Jimmy Williams

This article was written by Dixie Tourangeau

A cursory glance at Jimmy Williams’ record does not capture his colorful 20-year path through minor- and major-league play. His final statistics reflect a slightly above-average player — but his solid career was speckled with historic participation and achievements, including one possibly unbreakable record.

James Thomas Williams was born on December 20, 1876, in St. Louis, Missouri. His parents, David L. and Mary A. Williams, were both born in Wales. Within three years. the family (which then included children Maggie, Dave Jr., James, and Lizzie) moved to Denver, Colorado. Breadwinner David first ran a coffee and spice shop, according to the 1880 U.S. Census. Another sibling, Victoria, was born in 1881.

After a childhood of sandlot ball in the Mile High City, teenaged Jimmy made his way 110 miles south to Pueblo as early as 1892. He joined a semipro club there called the Rovers, an offshoot of the town’s Rover Wheel and Athletic Club. Outside of Denver, bustling Pueblo was a baseball hotbed in the Centennial State, which was less than five months older than Williams himself. Growing mining and ranching communities brought recreation into focus; baseball was part of that mix with horseracing, cycling, and boxing.

By 1895 Williams was the Rovers’ regular third baseman. It was a paid squad that played on weekends and featured the keystone duo of Zack and Bill Dean, African-American brothers who had been playing for the Pueblo Blues, a black team. Colorado was an oasis of integrated play at the time.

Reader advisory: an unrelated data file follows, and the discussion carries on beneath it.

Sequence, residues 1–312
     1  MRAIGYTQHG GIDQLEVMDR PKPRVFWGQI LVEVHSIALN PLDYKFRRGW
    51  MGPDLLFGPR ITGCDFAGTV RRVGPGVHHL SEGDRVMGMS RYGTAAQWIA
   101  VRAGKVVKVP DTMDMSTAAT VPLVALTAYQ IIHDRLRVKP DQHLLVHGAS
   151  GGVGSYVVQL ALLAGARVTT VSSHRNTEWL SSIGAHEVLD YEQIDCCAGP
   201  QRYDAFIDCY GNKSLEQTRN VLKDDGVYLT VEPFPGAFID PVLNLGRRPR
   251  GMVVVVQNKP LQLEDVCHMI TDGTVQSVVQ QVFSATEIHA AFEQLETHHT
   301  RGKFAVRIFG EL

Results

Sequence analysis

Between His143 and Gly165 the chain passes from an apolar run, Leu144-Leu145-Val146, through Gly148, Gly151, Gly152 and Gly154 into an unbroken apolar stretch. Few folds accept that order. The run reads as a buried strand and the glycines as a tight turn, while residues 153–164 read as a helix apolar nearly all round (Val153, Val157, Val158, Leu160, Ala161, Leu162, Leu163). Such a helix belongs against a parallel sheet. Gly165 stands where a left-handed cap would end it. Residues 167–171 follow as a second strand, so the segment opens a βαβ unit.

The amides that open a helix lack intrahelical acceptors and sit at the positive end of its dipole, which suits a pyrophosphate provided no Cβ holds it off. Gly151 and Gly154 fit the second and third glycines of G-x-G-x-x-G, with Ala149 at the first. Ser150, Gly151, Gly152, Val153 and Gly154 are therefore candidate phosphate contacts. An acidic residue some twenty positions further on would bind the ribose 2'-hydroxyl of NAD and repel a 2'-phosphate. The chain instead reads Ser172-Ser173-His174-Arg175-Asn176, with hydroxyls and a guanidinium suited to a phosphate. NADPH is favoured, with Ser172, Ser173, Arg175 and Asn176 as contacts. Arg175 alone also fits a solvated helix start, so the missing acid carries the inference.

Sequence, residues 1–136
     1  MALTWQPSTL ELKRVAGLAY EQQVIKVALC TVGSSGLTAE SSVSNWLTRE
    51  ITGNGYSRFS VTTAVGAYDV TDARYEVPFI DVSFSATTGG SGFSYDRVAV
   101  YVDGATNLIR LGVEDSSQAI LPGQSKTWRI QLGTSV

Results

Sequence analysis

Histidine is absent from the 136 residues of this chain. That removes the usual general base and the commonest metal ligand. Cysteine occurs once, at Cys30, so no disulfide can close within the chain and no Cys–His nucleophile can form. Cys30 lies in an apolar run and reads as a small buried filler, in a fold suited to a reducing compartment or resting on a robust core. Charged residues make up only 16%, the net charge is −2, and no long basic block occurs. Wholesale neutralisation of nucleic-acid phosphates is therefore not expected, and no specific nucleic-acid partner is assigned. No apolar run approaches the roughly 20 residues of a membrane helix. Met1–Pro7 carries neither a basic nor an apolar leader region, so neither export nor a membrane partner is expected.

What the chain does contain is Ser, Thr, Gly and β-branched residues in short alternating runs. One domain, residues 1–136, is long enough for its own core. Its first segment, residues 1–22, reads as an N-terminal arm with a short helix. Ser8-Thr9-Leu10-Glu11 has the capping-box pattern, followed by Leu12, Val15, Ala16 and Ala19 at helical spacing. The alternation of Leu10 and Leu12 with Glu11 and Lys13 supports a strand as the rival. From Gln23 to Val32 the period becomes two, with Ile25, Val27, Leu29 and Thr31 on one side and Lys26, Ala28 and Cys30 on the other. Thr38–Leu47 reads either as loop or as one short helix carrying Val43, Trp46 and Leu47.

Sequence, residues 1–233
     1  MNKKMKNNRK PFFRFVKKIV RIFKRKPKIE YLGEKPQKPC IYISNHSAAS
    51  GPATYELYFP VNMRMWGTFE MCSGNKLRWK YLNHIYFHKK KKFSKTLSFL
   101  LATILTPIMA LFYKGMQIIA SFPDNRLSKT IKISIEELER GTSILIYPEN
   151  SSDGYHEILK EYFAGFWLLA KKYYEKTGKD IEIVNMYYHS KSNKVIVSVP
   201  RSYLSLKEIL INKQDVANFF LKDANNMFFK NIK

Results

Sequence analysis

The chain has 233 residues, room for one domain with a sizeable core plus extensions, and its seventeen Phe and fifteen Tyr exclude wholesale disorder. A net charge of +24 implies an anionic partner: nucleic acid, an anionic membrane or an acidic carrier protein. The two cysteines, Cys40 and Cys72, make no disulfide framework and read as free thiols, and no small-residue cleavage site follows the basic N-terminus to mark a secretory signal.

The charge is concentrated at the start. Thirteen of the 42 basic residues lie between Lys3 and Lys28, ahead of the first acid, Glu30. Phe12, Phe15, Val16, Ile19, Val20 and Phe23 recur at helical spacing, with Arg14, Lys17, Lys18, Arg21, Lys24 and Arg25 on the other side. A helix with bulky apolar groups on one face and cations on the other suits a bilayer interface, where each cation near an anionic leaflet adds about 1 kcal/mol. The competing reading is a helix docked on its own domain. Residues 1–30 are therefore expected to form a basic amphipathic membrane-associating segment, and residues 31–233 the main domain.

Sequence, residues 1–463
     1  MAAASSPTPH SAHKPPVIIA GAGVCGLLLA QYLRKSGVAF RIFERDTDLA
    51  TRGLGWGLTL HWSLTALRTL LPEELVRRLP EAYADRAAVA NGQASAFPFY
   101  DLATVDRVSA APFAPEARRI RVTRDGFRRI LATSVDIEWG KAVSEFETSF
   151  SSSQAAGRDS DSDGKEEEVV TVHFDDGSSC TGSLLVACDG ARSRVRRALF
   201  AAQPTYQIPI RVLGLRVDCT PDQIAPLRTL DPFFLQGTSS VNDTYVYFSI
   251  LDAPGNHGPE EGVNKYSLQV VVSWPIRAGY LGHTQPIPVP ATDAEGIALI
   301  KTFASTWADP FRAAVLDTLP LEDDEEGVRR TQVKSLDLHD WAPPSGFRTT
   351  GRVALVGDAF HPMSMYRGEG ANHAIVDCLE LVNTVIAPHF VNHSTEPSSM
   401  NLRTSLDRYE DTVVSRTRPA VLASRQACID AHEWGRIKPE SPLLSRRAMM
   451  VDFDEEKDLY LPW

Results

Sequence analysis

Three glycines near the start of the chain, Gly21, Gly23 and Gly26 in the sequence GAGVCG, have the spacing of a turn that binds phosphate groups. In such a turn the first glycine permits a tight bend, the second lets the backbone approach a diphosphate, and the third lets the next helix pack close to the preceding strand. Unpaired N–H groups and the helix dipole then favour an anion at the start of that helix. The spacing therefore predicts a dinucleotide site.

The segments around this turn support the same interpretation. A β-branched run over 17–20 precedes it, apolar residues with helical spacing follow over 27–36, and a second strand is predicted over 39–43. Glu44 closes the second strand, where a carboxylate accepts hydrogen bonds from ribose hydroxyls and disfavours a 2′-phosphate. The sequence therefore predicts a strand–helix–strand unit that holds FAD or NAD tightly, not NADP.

Pueblo’s seven league opponents took repeated pastings as Williams’ bat improved and his handling of balls at third base brought him local acclaim. His grand slam during the 20 to 2 crushing of the Central City Gilpins inspired this in the Pueblo Daily Chieftain game notes, “Jimmy soaks it harder than anyone when he hits it on the nose. If he would wait a little better and not go after so many bad ones, he would be as reliable a hitter as anyone on the team.”

Williams was still only 18. He also played for the Streetcar Employees team, a clue as to his weekday job. In September it was noted, “Jimmy gets more solid with the crowd every game. Batting, fielding and baserunning, Jim is strong in all departments.” But after a mid-September game the Rovers won 11 to 10, it was noted that Williams “failed to get a hit mostly because he was too anxious to kill the ball.” The Rovers ended 19 and 2, and Williams ranked third on the club in average and extra-base hits.

Williams was back with Pueblo in 1896 in a six-team league that slowly dissolved. Pueblo won its share thanks to his numerous home runs and the team’s good pitching, but by early August only Leadville survived. Williams traveled there and joined the Blues in the mineral-rich high country. In August Leadville journeyed 400 miles south to Albuquerque, New Mexico, to play its “Browns.” Third sacker Williams was hitless but “had a whip that sent the ball across the diamond like lightning,” said the Daily Citizen. Leadville won 14 to 4. Albuquerque took the next four games but Williams impressed the crowd with his bat and fielding. In mid-October Albuquerque residents got ready to celebrate the city’s “Carnival of Sports,” several days of activities including a seven-game baseball series with a Texas League all-star squad from El Paso. Williams was invited to join the host Browns and settled in at the hot corner.